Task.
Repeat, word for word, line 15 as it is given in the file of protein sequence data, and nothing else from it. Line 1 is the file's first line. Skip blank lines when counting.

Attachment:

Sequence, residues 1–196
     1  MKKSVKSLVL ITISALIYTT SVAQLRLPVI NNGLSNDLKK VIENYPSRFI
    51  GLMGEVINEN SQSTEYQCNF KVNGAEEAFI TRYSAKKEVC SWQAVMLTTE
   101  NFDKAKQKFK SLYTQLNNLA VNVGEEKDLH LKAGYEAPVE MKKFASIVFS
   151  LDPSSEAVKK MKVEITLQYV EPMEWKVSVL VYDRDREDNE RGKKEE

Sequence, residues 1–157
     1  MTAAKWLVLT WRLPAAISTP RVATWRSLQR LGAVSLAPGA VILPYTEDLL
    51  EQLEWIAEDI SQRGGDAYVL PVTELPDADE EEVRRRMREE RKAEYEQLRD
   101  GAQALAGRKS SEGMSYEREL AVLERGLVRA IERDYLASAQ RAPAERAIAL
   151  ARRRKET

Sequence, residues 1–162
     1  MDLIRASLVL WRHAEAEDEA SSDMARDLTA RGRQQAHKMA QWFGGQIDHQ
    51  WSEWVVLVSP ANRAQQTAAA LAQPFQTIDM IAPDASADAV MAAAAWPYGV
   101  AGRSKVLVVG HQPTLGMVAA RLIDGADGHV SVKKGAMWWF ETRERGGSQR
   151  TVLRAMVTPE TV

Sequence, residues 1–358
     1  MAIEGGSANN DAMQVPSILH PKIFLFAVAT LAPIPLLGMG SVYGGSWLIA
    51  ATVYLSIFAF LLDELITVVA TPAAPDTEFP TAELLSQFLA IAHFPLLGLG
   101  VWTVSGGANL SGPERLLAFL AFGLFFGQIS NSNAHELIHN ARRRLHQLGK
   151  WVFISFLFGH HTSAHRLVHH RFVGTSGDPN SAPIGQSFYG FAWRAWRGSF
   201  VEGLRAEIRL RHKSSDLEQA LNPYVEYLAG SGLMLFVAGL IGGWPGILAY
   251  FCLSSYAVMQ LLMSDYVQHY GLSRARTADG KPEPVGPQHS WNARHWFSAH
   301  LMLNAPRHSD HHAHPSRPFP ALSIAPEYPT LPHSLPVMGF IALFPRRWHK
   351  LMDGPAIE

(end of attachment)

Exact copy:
   151  TVLRAMVTPE TV